CANANDAIGUA — Students at St. Mary’s School recently took a crash course in entrepreneurship, forming groups and developing their own small businesses. They had a chance to showcase their work and sell their company’s products and services Nov. 5 during the school’s 4th Annual Youth Enterprise Business Day.
That night, parents and St. Mary’s parishioners were invited to browse in the school gymnasium, where the young entrepreneurs offered everything from nachos, smoothies and salads to slime, sun catchers and used books. Some booths featured handmade jewelry and hair scrunchies, while at other booths customers could play a ball-toss game or a hole of miniature golf.
The students had been preparing for this day since the beginning of the school year, according to Terri Haley, a member of the Business Day planning committee. Students in kindergarten through third grade formed class businesses, and students in the older grades broke into small groups to create their businesses, Haley said.
Before launching their companies, students decided what services or products to offer, researched how much supplies would cost and how much they’d have to charge in order to make a profit. Students then had to create their own business plans and marketing materials, sharpening their business, math and writing skills in the process, Haley added. Parents are involved in the project as well, with one parent mentor for each student-run business.
“It’s a great project. They have a little bit of everything,” Haley said. “The kids are having fun with it.”
The Business Day project is not a required part of the school’s curriculum, she said. Student participation is completely voluntary, and all the work for the event is completed after school and on weekends. This year, 98 percent of the student body decided to participate in the project, she added.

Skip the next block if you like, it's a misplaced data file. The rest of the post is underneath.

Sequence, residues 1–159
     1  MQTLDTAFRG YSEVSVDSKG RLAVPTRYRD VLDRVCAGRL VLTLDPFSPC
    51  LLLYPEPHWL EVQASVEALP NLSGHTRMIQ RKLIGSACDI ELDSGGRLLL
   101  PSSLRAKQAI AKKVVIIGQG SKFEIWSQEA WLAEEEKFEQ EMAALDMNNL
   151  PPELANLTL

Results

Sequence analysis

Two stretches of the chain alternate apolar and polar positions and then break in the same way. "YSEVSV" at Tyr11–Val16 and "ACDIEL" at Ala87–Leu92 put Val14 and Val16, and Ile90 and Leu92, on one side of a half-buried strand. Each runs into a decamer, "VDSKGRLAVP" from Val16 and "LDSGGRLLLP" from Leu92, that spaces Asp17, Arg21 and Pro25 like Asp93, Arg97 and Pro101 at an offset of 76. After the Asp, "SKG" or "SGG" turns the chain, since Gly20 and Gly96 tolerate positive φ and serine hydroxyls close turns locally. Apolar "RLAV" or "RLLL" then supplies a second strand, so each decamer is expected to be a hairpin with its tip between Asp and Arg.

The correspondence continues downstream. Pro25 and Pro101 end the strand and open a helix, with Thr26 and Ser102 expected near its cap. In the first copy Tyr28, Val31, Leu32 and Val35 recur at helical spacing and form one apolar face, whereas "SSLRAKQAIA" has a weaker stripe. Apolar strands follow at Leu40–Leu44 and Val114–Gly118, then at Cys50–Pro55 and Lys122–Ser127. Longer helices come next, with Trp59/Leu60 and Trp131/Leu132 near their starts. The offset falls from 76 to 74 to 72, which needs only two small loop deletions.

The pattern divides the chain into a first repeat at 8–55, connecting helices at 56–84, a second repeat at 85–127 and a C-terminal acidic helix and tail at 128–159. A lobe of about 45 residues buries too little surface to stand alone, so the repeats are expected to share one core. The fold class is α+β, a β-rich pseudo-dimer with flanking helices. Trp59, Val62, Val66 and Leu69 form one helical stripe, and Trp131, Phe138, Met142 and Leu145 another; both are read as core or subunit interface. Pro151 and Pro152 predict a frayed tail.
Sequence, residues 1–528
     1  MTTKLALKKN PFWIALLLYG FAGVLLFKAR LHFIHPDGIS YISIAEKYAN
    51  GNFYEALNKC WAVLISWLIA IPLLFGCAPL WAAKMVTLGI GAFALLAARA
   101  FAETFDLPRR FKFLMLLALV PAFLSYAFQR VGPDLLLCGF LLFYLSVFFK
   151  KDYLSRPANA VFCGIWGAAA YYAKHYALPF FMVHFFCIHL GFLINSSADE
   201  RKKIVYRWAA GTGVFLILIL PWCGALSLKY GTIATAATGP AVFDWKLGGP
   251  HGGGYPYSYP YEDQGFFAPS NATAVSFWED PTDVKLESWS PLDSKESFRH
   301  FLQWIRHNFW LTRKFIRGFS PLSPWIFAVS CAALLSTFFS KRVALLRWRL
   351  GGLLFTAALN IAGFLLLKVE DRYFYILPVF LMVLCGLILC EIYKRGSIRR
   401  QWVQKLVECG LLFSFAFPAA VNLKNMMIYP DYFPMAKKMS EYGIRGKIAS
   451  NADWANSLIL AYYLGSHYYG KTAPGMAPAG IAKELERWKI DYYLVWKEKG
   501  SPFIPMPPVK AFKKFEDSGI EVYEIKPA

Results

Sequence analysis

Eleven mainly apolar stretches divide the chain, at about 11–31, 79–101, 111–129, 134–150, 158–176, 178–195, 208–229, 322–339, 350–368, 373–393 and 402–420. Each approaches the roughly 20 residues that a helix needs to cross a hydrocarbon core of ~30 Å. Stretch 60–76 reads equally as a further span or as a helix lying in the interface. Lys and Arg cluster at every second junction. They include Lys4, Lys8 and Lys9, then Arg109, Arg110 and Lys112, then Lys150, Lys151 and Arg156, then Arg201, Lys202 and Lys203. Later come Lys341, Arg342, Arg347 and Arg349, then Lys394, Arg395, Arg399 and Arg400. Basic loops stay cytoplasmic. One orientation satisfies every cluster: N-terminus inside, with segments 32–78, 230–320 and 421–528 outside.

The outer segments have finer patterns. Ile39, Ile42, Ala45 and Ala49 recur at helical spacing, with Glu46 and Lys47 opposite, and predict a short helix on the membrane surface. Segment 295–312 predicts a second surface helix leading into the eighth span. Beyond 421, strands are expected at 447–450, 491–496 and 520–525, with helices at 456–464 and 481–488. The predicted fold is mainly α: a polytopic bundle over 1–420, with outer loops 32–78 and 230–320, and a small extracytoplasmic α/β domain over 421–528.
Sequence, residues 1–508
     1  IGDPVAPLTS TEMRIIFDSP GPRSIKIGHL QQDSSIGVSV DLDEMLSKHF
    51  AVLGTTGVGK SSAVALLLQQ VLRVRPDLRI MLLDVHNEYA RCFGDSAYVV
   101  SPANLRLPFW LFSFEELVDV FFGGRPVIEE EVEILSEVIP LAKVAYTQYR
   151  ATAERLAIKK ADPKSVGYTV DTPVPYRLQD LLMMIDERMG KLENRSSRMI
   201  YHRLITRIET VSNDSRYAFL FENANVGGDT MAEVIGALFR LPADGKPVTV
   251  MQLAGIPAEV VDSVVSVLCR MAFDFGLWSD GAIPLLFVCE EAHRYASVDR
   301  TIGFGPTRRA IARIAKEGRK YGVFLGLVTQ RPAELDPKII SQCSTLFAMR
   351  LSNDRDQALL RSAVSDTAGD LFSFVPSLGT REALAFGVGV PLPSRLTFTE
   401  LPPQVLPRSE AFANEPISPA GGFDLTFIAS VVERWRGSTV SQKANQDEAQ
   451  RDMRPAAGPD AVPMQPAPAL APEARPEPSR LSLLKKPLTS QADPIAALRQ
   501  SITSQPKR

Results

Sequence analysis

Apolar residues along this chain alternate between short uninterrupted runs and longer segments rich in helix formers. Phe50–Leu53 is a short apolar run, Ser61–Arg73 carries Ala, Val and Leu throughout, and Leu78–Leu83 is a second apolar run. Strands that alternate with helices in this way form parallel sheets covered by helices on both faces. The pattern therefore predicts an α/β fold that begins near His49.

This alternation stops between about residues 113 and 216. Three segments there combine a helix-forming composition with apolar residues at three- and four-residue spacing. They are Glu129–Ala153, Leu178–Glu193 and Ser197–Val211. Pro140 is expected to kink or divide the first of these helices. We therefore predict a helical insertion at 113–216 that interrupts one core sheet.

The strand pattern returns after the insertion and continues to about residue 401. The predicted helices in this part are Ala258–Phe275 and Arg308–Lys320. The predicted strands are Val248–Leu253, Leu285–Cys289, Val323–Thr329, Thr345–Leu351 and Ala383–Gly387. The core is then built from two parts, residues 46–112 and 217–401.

Students donate 10 percent of their Business Day profits to the charity of their choice, and the remaining money is used to help fund class field trips and activities, Haley said.
Fourth-grader Joshua Swartzman, who ran a nacho stand called The Nachos’en Spot, decided on the Canandaigua Veterans Affairs Medical Center as his chosen charity. Both of his parents have been involved with the VA, and his mother was deployed to Fort Jackson in South Carolina a month ago. Joshua said he decided to run a nacho stand because it was something that no one else was doing.
Seventh-graders Jared Rex and Emily Bellavia chose to donate a portion of the funds from their Wing Dings House of Face Painting to St. Mary’s Food Cupboard.
At their booth, sixth-graders Megan Keating and Stephanie Smith sold used clothing. When Megan and Stephanie began talking about what sort of business to open, they realized they both had a lot of clothes they’d outgrown. They sent a letter home to parents requesting used-clothing donations and ended up with “more clothes than we thought we’d get,” Stephanie said. They planned to donate any clothes that didn’t sell to those in need, Megan added.
Seventh-grader Melody York sold colorfully wrapped packages of homemade chocolate candy.
“I decided to do candy because when my mother was getting married, I melted the chocolate” for the favors, Melody said.
Melting all the chocolate into different shapes and molds took about a week, she said. Melody, who sold homemade bread at last year’s Business Day, said her favorite part of the event is meeting all the people who come to her booth.
Fourth-graders Abbie Gillespie and Sarah Haley were the first entrepreneurs most people saw as they came into the gym. Abbie and Sarah met potential customers at the door, offering to check their coats for 50 cents and selling paper shopping bags for $1. At last year’s Business Day, it was hot in the gym and people just threw their coats in a pile on the bleachers, Sarah said. The girls realized that they could make a profit and help people by checking their coats and hanging them up neatly on a rack.
Once they had decided what service to offer, the girls started working out the details of their business.
“I went over to my friend’s house and we thought up a name and we made up the bags,” Abbie said.
The girls’ love of cats led them to name their business Kitty’s Koat Check, attach cat pictures to their shopping bags and donate a portion of their profits to the Ontario County Humane Society.